It was Russian President Vladimir Putin. In the flesh. Standing in front of the dilapidated wooden barracks where Anastasia Votintseva shares a single room with her sister and three children.
The Russian leader had come on Votintseva’s 27th birthday, bearing flowers, gifts and good news. Soon, she and her family would have a new home. But first, they were going on a seaside vacation, courtesy of the Kremlin!
If that sounds like a fairy tale about a benevolent czar, it’s supposed to. Putin was delivering on a promise he had made June 15, when Votintseva was one of about 70 lucky Russians whose appeals he took during his annual televised call-in show.
The event, called “Direct Line,” is carefully staged to show that Russia’s head of state, who probably will seek a new six-year term next March, understands his people – and can solve their problems – better than anyone.
It’s like winning the lottery: More than 2 million people submitted requests for Putin to prod ineffective local leaders to release disaster relief funds, build promised housing and deliver on long-sought improvements and entitlements.
And because no one cuts through the red tape like the Kremlin leader, the calls have gotten results. On Wednesday, as television cameras rolled outside Votintseva’s home 750 miles east of Moscow, Putin uttered clipped orders to the acting local governor – whose predecessor is facing bribery charges – to move her family, and 11 others, to new housing by the end of the year. Then he kissed her, and handed her a huge bouquet of roses and a certificate for a free trip for five to Sochi, Russia’s Black Sea resort.
“You’re my best present today,” Votintseva gushed.
The important part of this choreographed display is not just the delivery of the goods; it’s the way that Putin projects his authority “by dropping responsibility on the irresponsible elite,” as the veteran Russian political analyst Lilia Shevtsova put it in a recent blog.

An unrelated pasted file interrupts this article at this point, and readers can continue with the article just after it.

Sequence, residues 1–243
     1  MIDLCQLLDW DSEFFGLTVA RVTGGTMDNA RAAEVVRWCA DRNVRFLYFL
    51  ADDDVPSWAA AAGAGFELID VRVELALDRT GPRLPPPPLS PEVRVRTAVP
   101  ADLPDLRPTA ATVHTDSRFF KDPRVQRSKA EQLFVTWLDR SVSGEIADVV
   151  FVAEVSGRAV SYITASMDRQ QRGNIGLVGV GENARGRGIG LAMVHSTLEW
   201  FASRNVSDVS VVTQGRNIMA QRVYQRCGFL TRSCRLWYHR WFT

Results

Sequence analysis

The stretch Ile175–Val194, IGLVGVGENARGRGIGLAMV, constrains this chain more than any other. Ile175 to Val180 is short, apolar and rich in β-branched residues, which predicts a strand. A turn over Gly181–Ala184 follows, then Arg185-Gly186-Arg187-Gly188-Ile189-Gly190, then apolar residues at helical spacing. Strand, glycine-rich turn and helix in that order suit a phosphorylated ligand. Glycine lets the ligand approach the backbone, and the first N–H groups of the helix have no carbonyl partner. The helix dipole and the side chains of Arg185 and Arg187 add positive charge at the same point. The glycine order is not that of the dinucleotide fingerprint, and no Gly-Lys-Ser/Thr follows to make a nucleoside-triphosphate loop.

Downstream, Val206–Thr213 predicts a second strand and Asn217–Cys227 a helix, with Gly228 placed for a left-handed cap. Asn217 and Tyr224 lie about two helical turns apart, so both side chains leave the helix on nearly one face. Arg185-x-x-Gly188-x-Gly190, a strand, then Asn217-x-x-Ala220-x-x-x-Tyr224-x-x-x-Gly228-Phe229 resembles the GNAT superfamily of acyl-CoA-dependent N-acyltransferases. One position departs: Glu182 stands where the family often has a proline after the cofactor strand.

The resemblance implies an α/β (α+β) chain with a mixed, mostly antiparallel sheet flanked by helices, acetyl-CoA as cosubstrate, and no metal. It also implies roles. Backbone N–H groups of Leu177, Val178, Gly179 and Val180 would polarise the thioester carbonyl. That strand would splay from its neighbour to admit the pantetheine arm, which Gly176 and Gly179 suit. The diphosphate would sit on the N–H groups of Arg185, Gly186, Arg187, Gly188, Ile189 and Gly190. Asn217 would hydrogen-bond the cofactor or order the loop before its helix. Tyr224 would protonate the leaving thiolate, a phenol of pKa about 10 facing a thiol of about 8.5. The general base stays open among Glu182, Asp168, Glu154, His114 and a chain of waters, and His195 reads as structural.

This way, a president who rules unchecked over a political system whose leaders he hires and fires can sail in and save everyone, allowing him to avoid taking the heat for their failings. At a time when Russia has seen nationwide anti-corruption rallies, Putin’s approval rating remains above 80 percent.
And although recent polls suggest that Russians don’t like the job Putin is doing to rein in corruption, they evidently approve of the way he deals with feckless underlings.
Take, for example, the mayor of the Moscow suburb Balashikha, who resigned in disgrace after a resident told Putin on a video call to Direct Line that the town is doing nothing about a massive landfill that was releasing noxious gases making people “suffer from nausea and vomiting, all the time.”
“Turning to you is our last hope,” said the caller, Yelena Mikhailenko, who added that authorities had given only noncommittal replies.
This was music to Putin’s ears. Within days the site was closed.
Although the show may be choreographed, the emotions of the people calling in are real. One of the most poignant calls came from Darya Starikova, a 24-year-old cancer patient from Apatity, a remote town on the far northern Kola Peninsula, who was misdiagnosed when the local hospital closed and the specialists left.
“Our maternity hospital was closed, our surgical department was closed, our cardiology department was closed,” she said. “They send us for complicated operations and tests to the city of Murmansk, which is a five-hour drive from us. Not everyone can afford it, and not everyone can go there.”
Although she asked for help “not for myself,” but “for the city, for our residents,” Putin told her “not to lose hope.”
Starikova was brought to Moscow and is being treated at an oncological center. Putincare: signed, sealed, delivered.
Putin can’t save all the people this way, but he can side with them.
A caller from southern Russia got through to say that authorities had failed to pay compensation for flood damage. “I simply cannot get my head around it,” Putin said.
Another said she and her young child were living in an abandoned house because local authorities had failed to compensate her when a fire destroyed her home in a Siberian village.
“This is strange,” Putin said.
Soon after, the money was delivered for the flood relief, and the fire victim got a new apartment. And on June 22, Putin ordered an audit of both relief efforts.
So it went with the woman who complained about the lack of funding for expensive medicines she needs, and the inhabitants of an island on Lake Baikal who couldn’t get clean drinking water, and families in the far East who live in 40-year-old trailers.
The Kremlin issued instructions to look into all of it.
And Putin, partner of the people, promised to stay in touch.
“OK, Andrei, we will look into it with your help,” Putin told a boy who called in from the far East port of Nakhodka to complain about pollution. “Leave your contact details, and you will tell me later what measures were taken and whether people living in the area noticed any difference.”
If not, you never know. He might just show up to fix it himself.
(c) 2017, The Washington Post · David Filipov, Natalya Abbakumova